IssueHunt: A New Bounty Hunting Platform for Open Source Software

One of the issues that many open-source developers and companies struggle with is funding. There is an assumption, an expectation even, among the community that Free and Open Source Software must be provided free of cost. But even FOSS needs funding for continued development. How can we keep expecting better quality software if we don’t create systems that enable continued development?

We already wrote an article about open source funding platforms out there that try to tackle this shortcoming, as of this July there is a new contender in the market that aims to help fill this gap: IssueHunt.

IssueHunt: A Bounty Hunting platform for Open Source Software

IssueHunt website

IssueHunt offers a service that pays freelance developers for contributing to open-source code. It does so through what are called bounties: financial rewards granted to whoever solves a given problem. The funding for these bounties comes from anyone who is willing to donate to have any given bug fixed or feature added.

If there is a problem with a piece of open-source software that you want fixed, you can offer up a reward amount of your choosing to whoever fixes it. 

Do you want your own product snapped? Offer a bounty on IssueHunt to whoever snaps it. It’s as simple as that.

And if you are a programmer, you can browse through open issues. Fix the issue (if you could), submit a pull request on the GitHub repository and if your pull request is merged, you get the money.

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IssueHunt was originally an internal project for Boostnote

IssueHunt

The product came to be when the developers behind the note-taking app Boostnote reached out to the community for contributions to their own product.

In the first two years of utilizing IssueHunt, Boostnote received over 8,400 Github stars through hundreds contributors and overwhelming donations.

The product was so successful that the team decided to open it up to the rest of the community.

Today, a list of projects utilize this service, offering thousands of dollars in bounties among them.

Boostnote boasts $2,800 in total bounties, while Settings Sync, previously known as Visual Studio Code Settings Sync, offers more than $1,600 in bounties.

There are other services that provide something similar to what IssueHunt is offering here. Perhaps the most notable is Bountysource, which offers a similar bounty service to IssueHunt, while also offering subscription payment processing similar to Librepay.

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What do you think of IssueHunt?

At the time of writing this article, IssueHunt is in its infancy, but I am incredibly excited to see where this project ends up in the comings years.

I don’t know about you, but I am more than happy paying for FOSS. If the product is high quality and adds value to my life, then I will happily pay the developer the product. Especially since FOSS developers are creating products that respect my freedom in the process.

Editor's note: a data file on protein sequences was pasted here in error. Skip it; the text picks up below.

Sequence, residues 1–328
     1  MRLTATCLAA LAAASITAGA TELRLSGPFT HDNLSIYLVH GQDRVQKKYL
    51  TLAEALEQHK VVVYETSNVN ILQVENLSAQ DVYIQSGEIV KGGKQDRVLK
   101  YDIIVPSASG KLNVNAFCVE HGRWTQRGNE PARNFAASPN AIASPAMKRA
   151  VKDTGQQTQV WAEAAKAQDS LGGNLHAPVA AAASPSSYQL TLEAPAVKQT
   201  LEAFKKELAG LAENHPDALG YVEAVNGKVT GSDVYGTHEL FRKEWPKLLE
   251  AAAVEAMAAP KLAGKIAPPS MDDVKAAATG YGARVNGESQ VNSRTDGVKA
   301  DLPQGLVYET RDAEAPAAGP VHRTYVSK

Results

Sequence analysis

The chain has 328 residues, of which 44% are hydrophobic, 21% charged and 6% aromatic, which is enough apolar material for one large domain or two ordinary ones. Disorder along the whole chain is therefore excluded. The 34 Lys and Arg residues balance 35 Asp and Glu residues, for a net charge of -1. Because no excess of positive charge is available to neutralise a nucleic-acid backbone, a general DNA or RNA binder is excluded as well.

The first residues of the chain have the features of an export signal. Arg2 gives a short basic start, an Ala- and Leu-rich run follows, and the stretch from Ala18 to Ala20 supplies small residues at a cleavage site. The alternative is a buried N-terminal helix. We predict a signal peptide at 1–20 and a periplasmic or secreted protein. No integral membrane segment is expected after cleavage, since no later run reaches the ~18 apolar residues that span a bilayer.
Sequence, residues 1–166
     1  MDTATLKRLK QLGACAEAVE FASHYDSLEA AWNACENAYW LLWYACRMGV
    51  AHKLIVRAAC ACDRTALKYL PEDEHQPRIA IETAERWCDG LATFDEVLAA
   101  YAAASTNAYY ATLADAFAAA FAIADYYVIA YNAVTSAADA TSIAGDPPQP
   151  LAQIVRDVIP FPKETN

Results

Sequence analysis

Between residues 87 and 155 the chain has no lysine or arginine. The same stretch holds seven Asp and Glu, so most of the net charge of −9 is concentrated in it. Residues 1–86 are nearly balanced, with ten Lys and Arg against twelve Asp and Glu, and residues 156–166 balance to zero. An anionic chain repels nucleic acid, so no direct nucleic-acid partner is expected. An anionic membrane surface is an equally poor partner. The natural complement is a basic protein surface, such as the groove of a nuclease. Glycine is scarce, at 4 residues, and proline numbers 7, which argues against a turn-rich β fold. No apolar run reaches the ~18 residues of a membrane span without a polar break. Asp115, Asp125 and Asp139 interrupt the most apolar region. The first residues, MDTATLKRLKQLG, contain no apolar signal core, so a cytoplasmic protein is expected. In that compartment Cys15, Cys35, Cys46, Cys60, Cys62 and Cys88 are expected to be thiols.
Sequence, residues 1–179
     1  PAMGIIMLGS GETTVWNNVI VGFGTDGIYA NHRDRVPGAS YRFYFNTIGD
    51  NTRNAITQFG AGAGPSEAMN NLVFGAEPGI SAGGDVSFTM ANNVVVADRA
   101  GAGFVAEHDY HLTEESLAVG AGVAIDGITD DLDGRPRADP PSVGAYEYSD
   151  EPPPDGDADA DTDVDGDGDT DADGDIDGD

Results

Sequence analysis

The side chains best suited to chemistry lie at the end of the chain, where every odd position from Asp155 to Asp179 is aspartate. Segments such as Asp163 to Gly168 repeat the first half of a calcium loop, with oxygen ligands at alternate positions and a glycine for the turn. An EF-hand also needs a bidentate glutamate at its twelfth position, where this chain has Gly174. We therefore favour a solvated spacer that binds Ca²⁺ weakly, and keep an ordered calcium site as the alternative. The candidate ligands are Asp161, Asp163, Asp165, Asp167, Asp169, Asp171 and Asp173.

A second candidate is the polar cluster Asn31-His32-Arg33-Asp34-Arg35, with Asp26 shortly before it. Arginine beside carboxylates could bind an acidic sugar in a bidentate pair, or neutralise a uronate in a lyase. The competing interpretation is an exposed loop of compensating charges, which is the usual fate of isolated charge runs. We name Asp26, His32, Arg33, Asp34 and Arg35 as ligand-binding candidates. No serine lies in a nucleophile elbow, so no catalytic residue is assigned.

That being said, I will definitely keep my eye on IssueHunt moving forward for ways I can support the community either with my own money or by spreading the word where contribution is needed.

But what do you think? Do you agree with me, or do you think software should be Gratis free, and that contributions should be made on a volunteer basis? Let us know what you think in the comments below.

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  • The problem is that open source projects need funding, and your solution is to have the project pay developers to work on it? The goal should be to get developers to DONATE their time.

    I have several open source projects. I spend a LOT of time on them and offer them for free. I can tell you for certain the last thing I want to do is to PAY other people to work on them. I gladly accept help, but it’s always on a donation basis. I most certainly don’t have the money to pay people to work on them.

    Maybe this sounds good from the point of view of a developer who’s contributing but isn’t an owner, but as an owner this sounds like solving the wrong problem.

  • > submit a pull request on the GitHub repository and if your pull request is merged, you get the money.

    This sounds cool, but also potentially damaging. From my experience as a maintainer, there is a lot of time spent by myself and others reviewing and discussing changes; merging, testing, etc. This is a necessary effort to foster a wide contributor base.

    However, if money is going to contributors for a small slice of the effort, and the maintainers are getting nothing then there could be a danger that either:

    * Maintainers are deluged with poorer quality pull requests and become disenfranchised
    * Maintainers just start making their own pull requests and merging them, ignoring contributers to readdress the balance.

    Not saying that this *will* happen, but it would be interesting to see if **shared** effort on issue resolution will be taken into account, and not all the $$$ just going to lone devs making pull requests.